Many Coaches periodize strength by focusing first on accumulation (general strength), then max strength, followed by power. The problem with the “power” conversion phase is that speeds in the weight room fail to replicate those experienced on the ice. The late, great sprint Coach Charlie Francis echoed these thoughts with regards to weight training implications and the power conversion phase for elite sprinters. He states: “I also eliminated the traditional “conversion phase” which sprint coaches had adopted to bring velocities in weight-lifting closer to the sprint speed. I concluded that sprinters extremities moved so much faster in running than in lifting that any increase in lifting speed was irrelevant.” This is true for hockey players as well as velocities on the ice may reach upwards of 30 mph, much greater than those experienced in the weight room while under load.
Solution: These implications have led me to periodize the “conversion” block by focusing on strength endurance, or what Tudor Bompa refers to as muscle endurance. The goal is simple; slowly move from general to specific so that the player is ready for the demands of the season at the correct moment in the training process. This is accomplished by decreasing intensity and rest, increasing volume and challenging the athlete to contract appropriate musculature in the presence of lactate accumulation. The “power” phase has been replaced with the strength endurance phase. This phase leads the player directly into training camp and is most specific to the demands of the game.
Energy System Development: “Working the V”
“The average player plays between 12 and 20 shifts per game and has an average rest period of 225 seconds between shifts (Wise, 1993). The rest interval between periods is fifteen minutes. It has been estimated that 70% to 80% of the energy for a hockey athlete is derived from the alactic and lactic systems. (4) This does not take away from the importance of aerobic development as these adaptations act as favorable pre-requisites for higher intensity work, while simultaneously giving the players time away from the grind and extended recovery needed when training under lactate anaerobiosis. Chasing the energy system is the same as chasing pain. Many times the problem is the efficiency of the supporting structures and pathways. One of the biggest mistakes I made as a Coach was to constantly tax the lactic system too early and too often. This is a system that adapts and plateaus relatively quickly and causes maximal metabolic disturbance. Coach Frank Dick defines strength endurance, as “training to develop the athletes’ ability to apply force in the climate of lactic anaerobiosis.” He further warns; “Strength endurance training causes considerable wear and tear in the athletes’ organism, and it is possible that a saturation of microcycles with units of this type would cause a loss of mental and physical resilience.” (5)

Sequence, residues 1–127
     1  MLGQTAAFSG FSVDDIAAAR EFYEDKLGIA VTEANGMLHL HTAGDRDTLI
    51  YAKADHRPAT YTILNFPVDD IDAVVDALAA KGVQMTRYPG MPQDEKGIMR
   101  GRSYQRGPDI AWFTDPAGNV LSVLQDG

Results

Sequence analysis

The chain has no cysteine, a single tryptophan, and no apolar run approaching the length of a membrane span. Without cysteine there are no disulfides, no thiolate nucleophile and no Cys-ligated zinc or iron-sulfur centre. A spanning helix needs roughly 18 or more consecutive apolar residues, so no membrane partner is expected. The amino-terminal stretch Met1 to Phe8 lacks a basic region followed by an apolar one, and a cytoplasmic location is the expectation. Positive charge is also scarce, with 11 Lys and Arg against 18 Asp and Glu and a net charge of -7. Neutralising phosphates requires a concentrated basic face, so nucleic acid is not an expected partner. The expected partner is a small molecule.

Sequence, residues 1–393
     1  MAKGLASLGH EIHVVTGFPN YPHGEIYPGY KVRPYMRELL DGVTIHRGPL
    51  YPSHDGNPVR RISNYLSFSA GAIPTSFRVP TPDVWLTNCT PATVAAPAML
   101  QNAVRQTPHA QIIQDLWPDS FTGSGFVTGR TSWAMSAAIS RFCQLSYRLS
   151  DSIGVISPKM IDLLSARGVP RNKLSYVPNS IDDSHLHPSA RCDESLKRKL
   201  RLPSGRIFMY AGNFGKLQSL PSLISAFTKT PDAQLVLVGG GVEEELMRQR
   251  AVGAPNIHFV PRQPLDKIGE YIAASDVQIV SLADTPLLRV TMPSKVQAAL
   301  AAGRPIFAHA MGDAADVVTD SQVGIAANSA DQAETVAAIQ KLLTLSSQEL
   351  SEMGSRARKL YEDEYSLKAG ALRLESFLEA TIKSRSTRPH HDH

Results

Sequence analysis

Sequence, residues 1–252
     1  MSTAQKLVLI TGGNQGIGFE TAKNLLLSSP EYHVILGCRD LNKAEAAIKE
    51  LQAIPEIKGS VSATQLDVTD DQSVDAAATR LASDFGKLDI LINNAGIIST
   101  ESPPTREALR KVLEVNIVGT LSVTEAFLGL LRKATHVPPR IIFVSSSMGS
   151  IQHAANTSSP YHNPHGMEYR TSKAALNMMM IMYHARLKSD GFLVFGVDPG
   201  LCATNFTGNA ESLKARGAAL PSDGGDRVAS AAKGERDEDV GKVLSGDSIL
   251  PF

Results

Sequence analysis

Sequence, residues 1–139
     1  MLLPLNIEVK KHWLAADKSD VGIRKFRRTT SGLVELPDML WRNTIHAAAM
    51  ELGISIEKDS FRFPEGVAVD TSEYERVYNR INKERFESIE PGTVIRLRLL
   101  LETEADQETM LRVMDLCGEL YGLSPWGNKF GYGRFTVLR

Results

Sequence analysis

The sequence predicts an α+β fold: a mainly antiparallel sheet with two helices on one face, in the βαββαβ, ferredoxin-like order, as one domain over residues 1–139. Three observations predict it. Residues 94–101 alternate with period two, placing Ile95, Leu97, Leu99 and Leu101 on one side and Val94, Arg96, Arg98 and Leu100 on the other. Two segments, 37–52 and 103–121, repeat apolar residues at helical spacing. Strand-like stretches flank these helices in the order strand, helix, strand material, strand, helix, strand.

Solution: Working the “V”. Both aerobic and alactic systems are trained first, the former as a supply and recovery system, the later as a system that provides immediate ATP for explosive effort. Both systems are taxed without the buildup of acidosis. The anaerobic lactate system is trained during later blocks of the training plan preparing the player for the demands of training camp. This is known as what strength Coach Mike Robertson refers to as working the “V”. Working the “V” simply means working opposite ends of the continuum, and slowly progressing towards middle ground; the longer the off-season, the more obtuse the angle, and the wider the “V”. Short off-season periods produce the opposite affect, acute angles and a much narrower “V”. As the “V” slowly narrows training shifts to more lactate work building up to training camp and the regular season. This shifts priority towards energy demands that have a strong correlation to sporting demands. The peripheral adaptations of the lactate system are trained approximately 3-6 weeks prior to the commencement of training camp.
There you have it. Three programming qualities often overlooked for competitive hockey players. Positioning, the conversion block and working the “V” are all elements that we at Donskov Strength and Conditioning think are very important when training our unique population of athletes.
(1) Joyce, J., Lewindon, D., High Performance Training for Sports, Human Kinetics, 2014.
(3) Bompa, T., Theory and Methodology of Training, Kendall/Hunt Publishing, 1994.
(4) Bompa, T., Chambers, D., Total Hockey Conditioning, Firefly Books, 2003.
(5) Dick, F, Sport Training Principals, Lepus Books, 2013.